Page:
Christmas came early for 101 children with disabilities under ‘Fenna Tujjune’ as the Uganda Marketers Society (UMS) organised a colorful party for them at Kiwatule Recreation Center on December 1.
The fun day, which was filled with lots of fun, love, laughter, gift giving from the general public, sponsors was also graced by Santa Claus, who kept the children happy.
As part of the day’s event, the children engaged in a talent show, showcasing some of their hidden skills such as rapping, singing, handcrafts, tailoring, dancing as well as sports.
For example, the day’s MC left attendees mesmerized by his ability to tell what was happening on stage yet he was visually impaired.
Fenna Tujjune beneficiaries include children with hearing impairment, physically handicapped, those suffering from cancer, the visually impaired, as well as those with autism.
“Before the number of beneficiaries grew to hundred, we used to contact generous families to dine with one or two beneficiaries on Christmas. This was to help them get into the spirit and experience festivities as a family. We are grateful that these families gladly shared the seasons with us,” Fenna Tujunne founder Shantal Ramonah Quolter said. “Currently due to the overwhelming number of beneficiaries we are grateful to UMS for the party for all of us in one place.”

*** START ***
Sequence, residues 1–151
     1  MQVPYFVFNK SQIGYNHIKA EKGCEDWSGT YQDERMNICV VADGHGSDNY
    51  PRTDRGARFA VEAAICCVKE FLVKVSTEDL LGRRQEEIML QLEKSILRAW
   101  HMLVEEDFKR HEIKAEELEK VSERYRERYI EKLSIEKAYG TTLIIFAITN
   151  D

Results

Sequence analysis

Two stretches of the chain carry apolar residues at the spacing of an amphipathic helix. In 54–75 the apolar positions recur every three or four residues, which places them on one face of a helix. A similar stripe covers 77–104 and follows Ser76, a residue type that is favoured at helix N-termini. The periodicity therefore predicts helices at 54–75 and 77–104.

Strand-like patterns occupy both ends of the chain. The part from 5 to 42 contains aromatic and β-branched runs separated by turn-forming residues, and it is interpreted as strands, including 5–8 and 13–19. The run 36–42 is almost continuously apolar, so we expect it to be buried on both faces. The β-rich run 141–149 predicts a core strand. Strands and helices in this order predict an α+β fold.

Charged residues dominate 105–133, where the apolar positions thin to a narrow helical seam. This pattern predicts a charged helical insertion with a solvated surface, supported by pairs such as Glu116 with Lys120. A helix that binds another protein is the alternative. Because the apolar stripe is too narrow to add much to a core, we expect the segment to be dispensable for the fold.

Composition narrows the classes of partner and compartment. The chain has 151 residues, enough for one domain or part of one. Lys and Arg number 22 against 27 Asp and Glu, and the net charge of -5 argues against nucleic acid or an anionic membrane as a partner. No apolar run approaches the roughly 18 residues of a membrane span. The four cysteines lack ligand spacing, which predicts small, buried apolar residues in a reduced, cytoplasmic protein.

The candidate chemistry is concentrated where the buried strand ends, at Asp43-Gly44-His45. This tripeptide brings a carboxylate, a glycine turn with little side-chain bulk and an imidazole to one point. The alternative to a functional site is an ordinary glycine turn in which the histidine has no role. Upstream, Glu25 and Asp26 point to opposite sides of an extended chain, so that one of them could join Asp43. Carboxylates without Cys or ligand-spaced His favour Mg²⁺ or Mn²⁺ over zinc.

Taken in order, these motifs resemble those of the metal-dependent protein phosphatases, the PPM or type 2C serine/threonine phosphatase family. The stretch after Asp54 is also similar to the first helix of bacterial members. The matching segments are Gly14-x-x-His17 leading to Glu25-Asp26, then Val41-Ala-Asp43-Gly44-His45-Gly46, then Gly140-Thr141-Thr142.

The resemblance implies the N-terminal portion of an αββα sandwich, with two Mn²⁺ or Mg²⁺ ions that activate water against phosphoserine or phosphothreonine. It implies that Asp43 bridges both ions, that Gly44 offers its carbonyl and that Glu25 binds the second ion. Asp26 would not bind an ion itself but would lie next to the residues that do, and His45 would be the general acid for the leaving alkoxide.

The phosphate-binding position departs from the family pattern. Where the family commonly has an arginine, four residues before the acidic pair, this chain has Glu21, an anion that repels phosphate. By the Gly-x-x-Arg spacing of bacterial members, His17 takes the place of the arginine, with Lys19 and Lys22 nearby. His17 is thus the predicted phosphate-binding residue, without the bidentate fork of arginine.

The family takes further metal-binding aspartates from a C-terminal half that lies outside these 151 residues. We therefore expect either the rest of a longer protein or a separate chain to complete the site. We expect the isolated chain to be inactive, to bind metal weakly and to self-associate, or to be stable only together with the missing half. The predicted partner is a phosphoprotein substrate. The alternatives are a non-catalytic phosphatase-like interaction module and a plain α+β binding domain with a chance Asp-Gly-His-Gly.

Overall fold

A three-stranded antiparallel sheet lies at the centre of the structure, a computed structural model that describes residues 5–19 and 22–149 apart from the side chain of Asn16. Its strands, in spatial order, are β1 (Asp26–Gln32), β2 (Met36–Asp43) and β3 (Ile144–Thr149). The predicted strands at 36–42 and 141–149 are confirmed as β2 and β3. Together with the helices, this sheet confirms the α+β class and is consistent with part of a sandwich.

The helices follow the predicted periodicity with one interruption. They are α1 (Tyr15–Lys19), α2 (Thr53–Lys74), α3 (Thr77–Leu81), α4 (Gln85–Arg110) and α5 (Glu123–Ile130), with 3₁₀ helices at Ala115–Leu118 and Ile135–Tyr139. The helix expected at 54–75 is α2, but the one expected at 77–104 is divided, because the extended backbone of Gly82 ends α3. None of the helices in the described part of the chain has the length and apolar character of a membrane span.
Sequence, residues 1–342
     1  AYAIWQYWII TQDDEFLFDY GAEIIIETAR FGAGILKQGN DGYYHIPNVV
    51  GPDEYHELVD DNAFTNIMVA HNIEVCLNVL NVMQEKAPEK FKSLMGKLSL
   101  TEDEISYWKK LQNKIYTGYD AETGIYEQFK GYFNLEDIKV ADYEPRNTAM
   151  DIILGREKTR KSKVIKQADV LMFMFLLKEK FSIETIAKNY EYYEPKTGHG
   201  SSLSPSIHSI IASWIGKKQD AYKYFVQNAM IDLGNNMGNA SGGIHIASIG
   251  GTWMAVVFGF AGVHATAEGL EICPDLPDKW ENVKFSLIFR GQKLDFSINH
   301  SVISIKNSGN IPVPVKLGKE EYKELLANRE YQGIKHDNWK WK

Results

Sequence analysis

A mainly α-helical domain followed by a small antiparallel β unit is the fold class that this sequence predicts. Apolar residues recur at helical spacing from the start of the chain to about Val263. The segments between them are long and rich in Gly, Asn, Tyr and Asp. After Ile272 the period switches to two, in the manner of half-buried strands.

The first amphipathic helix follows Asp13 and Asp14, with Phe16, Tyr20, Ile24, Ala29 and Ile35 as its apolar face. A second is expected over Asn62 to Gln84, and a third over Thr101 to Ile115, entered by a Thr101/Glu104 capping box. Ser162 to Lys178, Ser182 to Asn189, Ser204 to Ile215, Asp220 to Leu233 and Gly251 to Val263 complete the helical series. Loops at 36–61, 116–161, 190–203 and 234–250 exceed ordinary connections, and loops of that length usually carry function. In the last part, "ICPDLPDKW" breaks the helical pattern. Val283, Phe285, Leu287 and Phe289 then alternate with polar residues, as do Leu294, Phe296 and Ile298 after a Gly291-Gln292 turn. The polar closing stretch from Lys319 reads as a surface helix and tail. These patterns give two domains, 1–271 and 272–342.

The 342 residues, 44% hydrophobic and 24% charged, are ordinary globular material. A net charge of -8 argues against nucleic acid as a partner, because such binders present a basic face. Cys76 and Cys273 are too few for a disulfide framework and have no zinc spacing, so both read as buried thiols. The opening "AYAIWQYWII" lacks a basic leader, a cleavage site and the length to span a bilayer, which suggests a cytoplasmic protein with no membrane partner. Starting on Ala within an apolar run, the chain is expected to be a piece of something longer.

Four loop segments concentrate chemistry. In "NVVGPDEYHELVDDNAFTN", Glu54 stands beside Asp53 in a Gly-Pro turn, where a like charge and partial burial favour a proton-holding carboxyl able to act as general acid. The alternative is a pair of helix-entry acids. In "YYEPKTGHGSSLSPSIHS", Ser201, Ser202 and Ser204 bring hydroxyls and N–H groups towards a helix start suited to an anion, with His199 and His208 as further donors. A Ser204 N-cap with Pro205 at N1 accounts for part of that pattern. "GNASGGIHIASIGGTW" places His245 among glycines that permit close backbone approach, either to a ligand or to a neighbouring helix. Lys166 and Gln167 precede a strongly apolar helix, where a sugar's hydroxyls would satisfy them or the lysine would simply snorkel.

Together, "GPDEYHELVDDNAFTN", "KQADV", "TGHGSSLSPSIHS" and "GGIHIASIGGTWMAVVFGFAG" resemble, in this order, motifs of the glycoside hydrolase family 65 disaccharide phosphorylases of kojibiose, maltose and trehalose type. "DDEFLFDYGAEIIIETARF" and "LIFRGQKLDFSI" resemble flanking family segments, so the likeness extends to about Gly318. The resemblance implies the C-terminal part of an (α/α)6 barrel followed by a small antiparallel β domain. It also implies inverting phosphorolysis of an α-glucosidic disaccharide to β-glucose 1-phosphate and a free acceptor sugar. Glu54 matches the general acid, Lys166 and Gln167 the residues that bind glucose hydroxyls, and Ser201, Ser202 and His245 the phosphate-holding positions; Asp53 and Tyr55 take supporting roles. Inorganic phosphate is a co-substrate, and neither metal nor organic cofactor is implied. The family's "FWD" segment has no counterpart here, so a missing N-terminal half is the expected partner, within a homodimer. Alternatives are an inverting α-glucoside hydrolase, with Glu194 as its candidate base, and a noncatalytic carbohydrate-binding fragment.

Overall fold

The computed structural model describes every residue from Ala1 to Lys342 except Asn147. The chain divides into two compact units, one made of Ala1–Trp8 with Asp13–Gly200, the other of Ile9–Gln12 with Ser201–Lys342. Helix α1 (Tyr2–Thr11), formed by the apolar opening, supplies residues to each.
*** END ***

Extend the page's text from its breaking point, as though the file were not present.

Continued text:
Fenna Tujjune is a non-profit organization that started in 2014 by a group of orphans with an intention of giving moral support, motivate and inspire children growing without parents. In 2016, though, the priorities switched after one of the orphans/group members lost a leg in a car accident, and thereafter a job and driving license to a traffic officer.
This, Emmanuel Lovati, the foundation’s spokesperson says, opened their eyes to what was happening to PWDs in Uganda.
They concentrated on protecting orphaned/abandoned children with disabilities.
“Fenna Tujjune started by helping four cancer victims who were abandoned by their parents at a cancer home. We were then recommended to a school for blind children to help the growing number of abandoned children. This particular school then recommended the initiative to an autistic school which was going through trouble with an increasing number of children abandoned,” Lovati says.
“We believes that it is the responsibility of all Ugandans to participate in breaking the Stigma for children who are visually impaired, deaf, living with physical disabilities and Autism (artistic children) in our communities,” Ramonah says.
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